WIPO Domain Name Dispute Case No. D2013-1971

ADMINISTRATIVE PANEL DECISION

Sanofi v. Bo Li

Case No. D2013-1971

1. The Parties

The Complainant is Sanofi of Paris, France, represented by Selarl Marchais & Associés, France.

The Respondent is Bo Li of Chengdu, Sichuan, China.

2. The Domain Name and Registrar

The disputed domain name <chinasanofi.com> is registered with Chengdu West Dimension Digital Technology Co., Ltd. (the “Registrar”).

3. Procedural History

The Complaint was filed with the WIPO Arbitration and Mediation Center (the “Center”) on November 19, 2013. On November 20, 2013, the Center transmitted by email to the Registrar a request for registrar verification in connection with the disputed domain name. On November 21, 2013, the Registrar transmitted by email to the Center its verification response confirming that the Respondent is listed as the registrant and providing the contact details.

On November 25, 2013, the Center transmitted emails to the parties in both Chinese and English regarding the language of proceedings. On November 26 and 28, 2013, the Respondent submitted its request that Chinese be the language of proceedings to the Center by email. On November 26, 2013, the Complainant confirmed its request that English be the language of proceedings to the Center by email.

The Center verified that the Complaint satisfied the formal requirements of the Uniform Domain Name Dispute Resolution Policy (the “Policy” or “UDRP”), the Rules for Uniform Domain Name Dispute Resolution Policy (the “Rules”), and the WIPO Supplemental Rules for Uniform Domain Name Dispute Resolution Policy (the “Supplemental Rules”).

In accordance with the Rules, paragraphs 2(a) and 4(a), the Center formally notified the Respondent of the Complaint, and the proceedings commenced on December 6, 2013. In accordance with the Rules, paragraph 5(a), the due date for Response was December 26, 2013. The Response was filed with the Center on December 24, 2013.

The Center appointed Susanna H.S. Leong as the sole panelist in this matter on January 21, 2014. The Panel finds that it was properly constituted. The Panel has submitted the Statement of Acceptance and Declaration of Impartiality and Independence, as required by the Center to ensure compliance with the Rules, paragraph 7.

4. Factual Background

The Complainant Sanofi is a French multinational pharmaceutical company based in Paris. The Complainant engages in research and development, manufacturing and marketing pharmaceutical products for sale, principally in the prescription market, but the Complainant also develops over-the-counter medication. The Complainant has business operations in more than 100 countries and employs 110,000 people. It is also the owner of the trade mark SANOFI in numerous countries in the world including China.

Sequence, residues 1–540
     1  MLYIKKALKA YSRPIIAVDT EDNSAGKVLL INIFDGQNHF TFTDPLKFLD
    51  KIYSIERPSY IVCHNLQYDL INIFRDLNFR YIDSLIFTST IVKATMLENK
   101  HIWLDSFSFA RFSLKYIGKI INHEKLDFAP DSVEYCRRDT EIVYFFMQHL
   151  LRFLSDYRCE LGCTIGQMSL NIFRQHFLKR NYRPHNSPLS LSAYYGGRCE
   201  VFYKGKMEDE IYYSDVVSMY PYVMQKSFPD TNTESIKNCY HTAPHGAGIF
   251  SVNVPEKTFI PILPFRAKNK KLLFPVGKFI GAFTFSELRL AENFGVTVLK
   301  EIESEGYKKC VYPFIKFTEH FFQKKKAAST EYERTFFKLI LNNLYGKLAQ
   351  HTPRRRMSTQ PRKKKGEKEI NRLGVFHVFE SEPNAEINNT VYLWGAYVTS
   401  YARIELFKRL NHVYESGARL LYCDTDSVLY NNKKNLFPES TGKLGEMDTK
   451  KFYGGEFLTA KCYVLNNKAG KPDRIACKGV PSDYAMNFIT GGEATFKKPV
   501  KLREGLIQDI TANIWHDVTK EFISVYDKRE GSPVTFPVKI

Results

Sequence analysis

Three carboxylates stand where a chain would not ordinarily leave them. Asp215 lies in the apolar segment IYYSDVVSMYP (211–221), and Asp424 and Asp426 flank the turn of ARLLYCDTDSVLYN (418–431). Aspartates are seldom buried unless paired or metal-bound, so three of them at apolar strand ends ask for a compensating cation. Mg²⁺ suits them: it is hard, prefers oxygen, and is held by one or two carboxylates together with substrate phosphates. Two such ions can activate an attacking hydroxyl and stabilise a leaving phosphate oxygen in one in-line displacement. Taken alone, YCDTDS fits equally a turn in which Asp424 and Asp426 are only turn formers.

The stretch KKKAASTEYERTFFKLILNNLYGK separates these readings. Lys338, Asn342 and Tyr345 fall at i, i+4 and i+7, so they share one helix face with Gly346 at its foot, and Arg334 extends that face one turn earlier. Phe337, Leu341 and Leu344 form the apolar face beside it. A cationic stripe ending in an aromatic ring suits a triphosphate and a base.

The Complainant has a substantial Internet presence and is the registered owner of the following domain names: <sanofi.com>; <sanofi.cu>; <sanofi.fr>; <sanofi.us>; <sanofi.net>; <sanofi.ca>; <sanofi.biz>; <sanofi.info>; <sanofi.org>; <sanofi.mobi>; <sanofi.tel>; and <sanofi.cn>.

The Respondent registered the disputed domain name on April 18, 2012.

5. Parties’ Contentions

A. Complainant

The Complainant contends that the disputed domain name is identical or confusingly similar to the trade mark SANOFI in which the Complainant has rights on the following grounds:

1. The Complainant is the rightful owner of the trade mark SANOFI in numerous countries in the world including China.

2. The disputed domain name <chinasanofi.com > reproduces the trade mark SANOFI which does not have any particular meaning and is therefore highly distinctive.

3. The Complainant is a multinational company in the pharmaceutical field which develops, manufactures, distributes and sells a wide variety of pharmaceutical products under the trade mark SANOFI. It has used the trade mark SANOFI for over 40 years and has invested substantial financial resources to advertise and promote the company and its SANOFI-branded pharmaceutical products in countries all over the world, including China. The Complainant has sold its SANOFI-branded products in China for years and has through its Chinese website “www.sanofi.cn” offered products to Chinese consumers for many years. The Complainant thus contends that the trade mark SANOFI is widely known and recognized in China and beyond.

4. The Complainant contends that the disputed domain name reproduces the Complainant’s trade mark SANOFI as the dominant part and thus upon comparison, the disputed domain name is confusingly similar to the Complainant’s trade mark SANOFI.

5. The Complainant further contends that the addition of the geographical term “china” which is a common English word is insufficient to avoid confusing similarity. On the contrary, it suggests to Internet users that the disputed domain name is related to the Complainant or to the Complainant’s products in China.

6. Consequently, the Complainant contends that confusion amongst the Internet users in particular Chinese users who are not well versed with the English language will ensue, thinking that the disputed domain name <chinasanofi.com> is connected or affiliated with the Complainant and its trade mark SANOFI, or at least it will lead to an official website of the Complainant in China.

7. Lastly, the Complainant contends that it must be taken into account that the likelihood of confusion is ascertained by the reputation of the Complainant’s trade name, trade marks, domain names and more generally speaking goodwill.

The Complainant contends that the Respondent has no rights or legitimate interests in the disputed domain name on the following grounds:

1. The Respondent is Bo Li and this name bears no resemblance to the trade mark SANOFI which is highly distinctive

2. The Respondent has neither prior rights nor legitimate interests to justify the use of the already well known and worldwide trademarks and domain names of the Complainant.

3. The Complainant has not licensed or authorized the Respondent to use the trade mark SANOFI or register any domain name comprising of the Complainant’s trade mark SANOFI.

4. The Respondent is not using the disputed domain name in connection with a bona fide offering of goods or services so as to confer upon it a right or legitimate interest in the disputed domain name. On the other hand, the disputed domain name is used by the Respondent to redirect Internet users to a website offering products by illegally riding on the Complainant’s and its trade mark SANOFI’s goodwill and reputation.